More Real than Real: Re-Visualizing the Digital Artifact
Much of the lure of archaeology rests in the seduction of things: we are fascinated with the texture, color, heft, and odor of material artifacts that invoke antiquity, the allure of the alien, and the sensory richness of material life. Yet we often cannot physically experience artifacts that are in distant places, and many objects are too fragile to be handled. A variety of technologies now make it possible to produce exceptional 3D digital models of artifacts that can be rendered as visual and even material recreations: now archaeologists can visualize or handle a perfectly accurate scale model of, for instance,a 20th-century cap gun, a butchered dolphin bone from Jamestown, a Roman oil lamp (this example is from a 17th-century context at Jamestown), or an effigy pipe, all scanned by Virginia Commonwealth University’s Virtual Curation Laboratory and included in their Virtual Curation Museum.
For archaeologists, much of the attraction of 3D artifact scanning is its documentation of artifacts in distant repositories; scanned artifacts can be accessible to scholars even if they remain in private hands; and virtual documentation can assist us in conserving especially fragile things. Increasingly more archaeologists are no longer wedded to the expectation that their career rests solely on digging sites that are “theirs”; instead, increasingly more of us are working with museum and archival collections, and 3D artifact scanning would allow increasingly more work with curated collections in distant places. Nevertheless, some of the most interesting implications of 3D scanning may be the new “artifacts” it produces in the form of scans and recreated objects and the ways these digitized things illuminate what archaeologists and audiences consider to be “authentic” artifacts.
Virginia Commonwealth University’s Virtual Curation Laboratory has been doing 3D scanning of artifacts, a project directed by Bernard Means with the support of the Department of Defense’s Legacy Program. The artifact images are hypnotically revolving, oddly colored, otherwise familiar things like animal skeletons and arrowheads. The images force us to look at material things as though they are once more novel: the scans may be less about documenting an object than they are about re-visualizing things. Ironically, archaeologists often do not see things with much reflection, especially those items that are most common in the archaeological record; instead, we see a faithfully memorized style or a functional form to be counted and placed into perpetual storage. The scans register detailed material form that is not readily perceived by the naked eye, so at some level the technology itself draws our sight to the object in a new way. At another level, though, the mundane thing is rendered into something quite visually novel when it becomes a visual representation slowly revolving on our computer screen.
Perhaps the most fascinating products of the scan research are the 3D reproductions, plastic replicas of artifacts produced with a 3D printer. At last week’s Society for American Archaeology conference, Laura Galke’s poster presentation on the archaeology of George Washington’s boyhood home Ferry Farm included a sample of plastic replica wig curlers from the site. Recovered in immense quantities, some of the wig curlers were reproduced for the SAA presentation, and the distinctive reproductions seemed to be magnets for curious archaeologists. The single-colored objects are exceptionally light, they lack much distinctive texture, and they seem to have no genuine smell: they are distinctive material presences reproducing a real artifact but having almost no attributes, which oddly forces us to question what they are.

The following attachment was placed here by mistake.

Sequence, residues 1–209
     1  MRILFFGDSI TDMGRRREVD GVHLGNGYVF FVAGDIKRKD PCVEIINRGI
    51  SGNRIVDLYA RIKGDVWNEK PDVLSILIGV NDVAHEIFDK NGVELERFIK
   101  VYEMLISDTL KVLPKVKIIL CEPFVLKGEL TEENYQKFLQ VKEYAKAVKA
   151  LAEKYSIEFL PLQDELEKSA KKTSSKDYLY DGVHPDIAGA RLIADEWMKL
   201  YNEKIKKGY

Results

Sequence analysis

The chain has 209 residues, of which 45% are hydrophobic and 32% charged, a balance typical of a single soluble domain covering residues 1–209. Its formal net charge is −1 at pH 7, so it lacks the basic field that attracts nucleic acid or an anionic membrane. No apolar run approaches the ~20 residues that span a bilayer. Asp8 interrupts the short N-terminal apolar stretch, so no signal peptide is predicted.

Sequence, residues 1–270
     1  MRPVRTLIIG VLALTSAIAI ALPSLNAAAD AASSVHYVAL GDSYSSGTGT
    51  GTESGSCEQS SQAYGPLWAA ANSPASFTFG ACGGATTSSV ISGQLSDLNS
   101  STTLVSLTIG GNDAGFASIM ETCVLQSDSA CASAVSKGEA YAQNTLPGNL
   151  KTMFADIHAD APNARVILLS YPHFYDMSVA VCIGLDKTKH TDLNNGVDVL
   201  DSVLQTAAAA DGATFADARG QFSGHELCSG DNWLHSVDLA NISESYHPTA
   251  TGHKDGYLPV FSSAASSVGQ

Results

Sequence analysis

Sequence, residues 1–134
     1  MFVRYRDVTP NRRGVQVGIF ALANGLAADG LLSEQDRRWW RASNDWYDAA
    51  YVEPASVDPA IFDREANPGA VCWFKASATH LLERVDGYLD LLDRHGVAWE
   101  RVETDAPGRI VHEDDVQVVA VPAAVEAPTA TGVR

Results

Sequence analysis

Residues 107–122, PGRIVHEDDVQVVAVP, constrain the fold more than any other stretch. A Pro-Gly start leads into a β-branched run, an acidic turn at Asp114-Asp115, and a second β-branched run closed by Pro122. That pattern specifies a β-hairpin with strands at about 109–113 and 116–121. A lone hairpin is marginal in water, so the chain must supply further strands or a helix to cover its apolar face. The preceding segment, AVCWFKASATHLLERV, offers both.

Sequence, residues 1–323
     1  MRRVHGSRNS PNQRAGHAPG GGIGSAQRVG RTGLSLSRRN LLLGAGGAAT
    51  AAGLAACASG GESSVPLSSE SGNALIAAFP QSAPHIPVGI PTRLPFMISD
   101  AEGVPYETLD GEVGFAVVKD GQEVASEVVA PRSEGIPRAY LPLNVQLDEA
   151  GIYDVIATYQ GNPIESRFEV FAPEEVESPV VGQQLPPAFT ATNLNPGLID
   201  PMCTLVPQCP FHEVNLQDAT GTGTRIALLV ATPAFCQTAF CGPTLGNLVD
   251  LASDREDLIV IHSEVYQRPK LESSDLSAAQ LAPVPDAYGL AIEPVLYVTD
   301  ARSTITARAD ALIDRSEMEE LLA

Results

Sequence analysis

For some viewers and certainly some archaeologists, the reproductions are symbols of technological wizardry, and while they have some genuine teaching applications they seem at least initially perceived as things that are neither genuine artifacts nor “fakes.” Archaeology rests much of its authoritative voice on the authenticity of excavated things, but the 3D models and images are utterly “real” in their dimensions even if they are quite clearly reproductions. The implications of 3D scanning as both pedagogical and research mechanism extend beyond the philosophical question of whether the plastic reproduction is an artifact unto itself, a symbol of the real, or some hybrid. Many archaeologists are fixated on handling the excavated object, ideally dug up under their own direction, but this is becoming an increasingly untenable position: repositories around the world hold enormous collections of excavated artifacts, many of which remain unreported if not unanalyzed long after their excavation. Potentially any archaeologist may one day be able to produce ambitious comparative studies from the comfort of their own office untroubled by the demand to raise travel funds or conduct a time-intensive and costly field excavation. The moment when global collections are so accessible may be well away from us at the moment, but as increasingly more collections are available in a variety of digitized forms there are some profound implications for how we practice archaeology that will move beyond the primal field experience and an authentic artifact as one freshly excavated.
Laura J. Galke
2009 The Mother of the Father of Our Country: Mary Ball Washington’s Genteel Domestic Habits. Northeast Historical Archaeology 38:29-48.
Bernard K. Means, Ashley McCuistion, and Courtney Bowles
2013 Virtual Artifact Curation of the Historical Past and the NextEngine Desktop 3D Scanner. Technical Briefs in Historical Archaeology 6: 1–12
Plastic artifact replicas image from Bernard Means’ Facebook page